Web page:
TO OPEN OR NOT TO OPEN
Eric Glazer, Esq.
Published June 1, 2020
So things are coming back to normal little by little. Although,
I still need a dam haircut. If I wait another week or two, I
figure my dog and I can go together to his groomer.
“emergency powers” given to Boards of Directors expire today.
The Governor is allowing public places to slowly re-open. So
does this mean that the pool an all the condo and HOA
recreational areas are now open and must remain open? For
those of you hoping the answer is YES – you are going to be
Each county still provides their own orders in terms of what’s
open and what’s not. As an example, let’s take a look at what
the Palm Beach County order states:
the Reopening of boat ramps, marinas, golf courses, parks,
natural areas, tennis courts, and Community pools under this
Order, all individuals shall continue to adhere to the
Guidelines from the Centers for Disease Control and Prevention
and attached herein as Attachment1, as amended. These are
hereafter referred to as the "CDC Guidelines’’. All
owners, operators, and personnel involved in the bellow shall
ensure compliance with these CDC Guidelines.
According to this order, if a Board were to re-open the pool,
the association would be responsible for ensuring compliance
with CDC Regulations. That may be impossible without the
association employing someone to sit there all day. Moreover,
failure to comply with the order may also be a criminal
violation, subjecting a board member to arrest or a fine.
The Order also states that: Community
pools shall reopen provided that CDC Guidelines, including
all social distancing guidelines, are adhered to.
If the Board cannot ensure that CDC Guidelines will be adhered
to, the pool should stay closed. To do otherwise would be to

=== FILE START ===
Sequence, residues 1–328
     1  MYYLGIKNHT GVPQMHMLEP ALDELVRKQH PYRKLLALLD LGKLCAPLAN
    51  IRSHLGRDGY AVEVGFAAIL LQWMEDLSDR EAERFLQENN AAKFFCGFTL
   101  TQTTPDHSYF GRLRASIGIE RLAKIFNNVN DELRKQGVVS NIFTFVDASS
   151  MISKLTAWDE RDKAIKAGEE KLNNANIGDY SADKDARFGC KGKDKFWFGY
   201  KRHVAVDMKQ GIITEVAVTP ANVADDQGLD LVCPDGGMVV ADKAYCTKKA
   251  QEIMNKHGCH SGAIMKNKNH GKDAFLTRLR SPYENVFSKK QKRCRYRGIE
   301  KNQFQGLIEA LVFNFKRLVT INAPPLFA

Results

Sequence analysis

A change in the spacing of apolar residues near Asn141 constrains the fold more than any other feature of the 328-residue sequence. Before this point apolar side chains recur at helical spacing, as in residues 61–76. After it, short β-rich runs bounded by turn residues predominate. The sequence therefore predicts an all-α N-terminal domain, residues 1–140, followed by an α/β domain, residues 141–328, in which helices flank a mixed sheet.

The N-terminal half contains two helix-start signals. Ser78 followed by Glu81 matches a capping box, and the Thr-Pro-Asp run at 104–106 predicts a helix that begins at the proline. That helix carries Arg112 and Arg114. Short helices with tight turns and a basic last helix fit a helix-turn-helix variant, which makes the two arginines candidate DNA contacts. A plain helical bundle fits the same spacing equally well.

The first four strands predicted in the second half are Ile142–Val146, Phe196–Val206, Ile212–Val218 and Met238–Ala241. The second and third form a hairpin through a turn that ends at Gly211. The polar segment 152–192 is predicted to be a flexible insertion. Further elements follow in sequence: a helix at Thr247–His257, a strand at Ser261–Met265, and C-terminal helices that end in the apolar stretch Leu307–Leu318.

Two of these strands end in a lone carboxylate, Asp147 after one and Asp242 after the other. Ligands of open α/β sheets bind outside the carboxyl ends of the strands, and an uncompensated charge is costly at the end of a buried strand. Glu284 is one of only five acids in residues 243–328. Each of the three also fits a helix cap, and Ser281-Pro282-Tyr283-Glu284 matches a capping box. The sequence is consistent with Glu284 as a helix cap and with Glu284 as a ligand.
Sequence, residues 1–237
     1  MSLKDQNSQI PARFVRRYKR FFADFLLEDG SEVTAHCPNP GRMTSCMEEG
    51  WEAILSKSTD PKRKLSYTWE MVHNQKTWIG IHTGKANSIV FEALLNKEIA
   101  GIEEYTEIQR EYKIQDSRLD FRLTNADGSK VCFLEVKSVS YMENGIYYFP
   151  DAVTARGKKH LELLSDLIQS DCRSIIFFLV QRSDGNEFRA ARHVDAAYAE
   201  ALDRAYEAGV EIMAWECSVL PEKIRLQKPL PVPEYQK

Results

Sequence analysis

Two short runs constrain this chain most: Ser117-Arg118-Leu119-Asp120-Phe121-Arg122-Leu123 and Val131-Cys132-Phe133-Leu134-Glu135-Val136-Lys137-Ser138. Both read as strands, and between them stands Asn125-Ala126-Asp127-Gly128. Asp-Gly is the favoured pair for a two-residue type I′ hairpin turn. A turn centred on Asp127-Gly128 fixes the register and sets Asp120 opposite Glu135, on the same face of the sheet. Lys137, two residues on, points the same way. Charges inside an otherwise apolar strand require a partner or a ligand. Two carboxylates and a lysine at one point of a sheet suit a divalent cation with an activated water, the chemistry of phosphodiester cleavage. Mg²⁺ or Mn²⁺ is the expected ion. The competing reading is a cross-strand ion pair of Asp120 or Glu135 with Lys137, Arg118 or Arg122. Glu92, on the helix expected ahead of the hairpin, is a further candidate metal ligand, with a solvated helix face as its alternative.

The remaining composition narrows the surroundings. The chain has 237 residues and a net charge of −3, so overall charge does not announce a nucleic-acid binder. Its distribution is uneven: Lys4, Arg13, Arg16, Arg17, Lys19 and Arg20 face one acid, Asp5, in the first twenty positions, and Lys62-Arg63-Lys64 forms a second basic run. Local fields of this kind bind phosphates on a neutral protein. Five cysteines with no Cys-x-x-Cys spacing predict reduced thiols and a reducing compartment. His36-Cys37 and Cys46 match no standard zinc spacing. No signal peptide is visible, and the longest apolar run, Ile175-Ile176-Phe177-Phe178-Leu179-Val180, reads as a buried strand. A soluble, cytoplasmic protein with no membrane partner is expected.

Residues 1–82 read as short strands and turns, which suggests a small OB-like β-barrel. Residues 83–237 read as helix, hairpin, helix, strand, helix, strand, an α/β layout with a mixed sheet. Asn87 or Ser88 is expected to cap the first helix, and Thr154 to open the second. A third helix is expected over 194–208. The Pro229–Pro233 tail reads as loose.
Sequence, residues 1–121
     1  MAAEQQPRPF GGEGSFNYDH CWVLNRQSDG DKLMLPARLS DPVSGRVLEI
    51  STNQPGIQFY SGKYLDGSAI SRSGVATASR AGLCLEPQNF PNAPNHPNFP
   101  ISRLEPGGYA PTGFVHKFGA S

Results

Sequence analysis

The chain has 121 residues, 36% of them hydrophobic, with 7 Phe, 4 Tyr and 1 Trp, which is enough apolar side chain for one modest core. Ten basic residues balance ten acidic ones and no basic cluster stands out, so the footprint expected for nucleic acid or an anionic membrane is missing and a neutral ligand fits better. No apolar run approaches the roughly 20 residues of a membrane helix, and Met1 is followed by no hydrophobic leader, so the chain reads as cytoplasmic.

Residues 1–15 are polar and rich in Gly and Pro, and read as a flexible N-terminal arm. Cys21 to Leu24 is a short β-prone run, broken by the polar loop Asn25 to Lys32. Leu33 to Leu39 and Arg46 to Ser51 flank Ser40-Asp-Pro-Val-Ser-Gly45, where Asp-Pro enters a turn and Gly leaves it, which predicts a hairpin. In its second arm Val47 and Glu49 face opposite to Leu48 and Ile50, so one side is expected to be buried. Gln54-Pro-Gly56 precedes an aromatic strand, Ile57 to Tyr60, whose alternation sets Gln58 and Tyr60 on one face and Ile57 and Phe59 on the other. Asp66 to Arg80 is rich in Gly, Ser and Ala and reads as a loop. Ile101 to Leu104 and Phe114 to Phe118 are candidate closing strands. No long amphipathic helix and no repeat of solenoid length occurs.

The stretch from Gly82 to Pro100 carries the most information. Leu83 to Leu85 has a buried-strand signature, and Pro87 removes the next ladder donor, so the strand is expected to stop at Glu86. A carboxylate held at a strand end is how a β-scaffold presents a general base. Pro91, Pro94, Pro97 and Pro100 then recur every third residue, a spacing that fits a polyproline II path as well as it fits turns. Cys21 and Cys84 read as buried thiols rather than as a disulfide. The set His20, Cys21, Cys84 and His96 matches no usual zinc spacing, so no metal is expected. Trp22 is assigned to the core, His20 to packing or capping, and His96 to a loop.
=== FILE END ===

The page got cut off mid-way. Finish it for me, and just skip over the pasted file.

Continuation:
violate the terms of the order.
I always say, anyone can get sued for anything. You can’t stop
that. But the question is…..will it stick?
I don’t think a lawsuit against an association for failure to
open the pool would have much merit, if the defense of the Board
is that they cannot ensure compliance with CDC guidelines, and
therefore, in the business judgment of the Board, and in the
interest of the health and safety of the owners, we choose to
close the pool until we are no longer required to ensure
compliance with CDC guidelines.
In the interim, let us know how your association is dealing with
the pool and rec areas. I can tell you that I have heard some
great ideas, including having to make a reservation to use the
HOA & Condo Blog
Eric Glazer graduated from
the University of Miami School of Law in 1992 after
receiving a B.A. from NYU. He has practiced community
association law for more than 2
decades and is the owner of Glazer
and Sachs, P.A. a seven attorney law firm with offices in
Fort Lauderdale and Orlando and satellite offices in Naples,
Fort Myers and Tampa.
Since 2009, Eric has been the host
of Condo Craze and HOAs, a weekly one hour radio show that airs
at noon each Sunday on 850 WFTL.
He is the first attorney in the
State of Florida that designed a course that certifies
condominium residents as eligible to serve on a condominium
Board of Directors and has now certified more than 10,000
Floridians all across the state. He is certified as a Circuit
Court Mediator by The Florida Supreme Court and has mediated
dozens of disputes between associations and unit owners. Eric
also devotes significant time to advancing legislation in the
best interest of Florida community association members.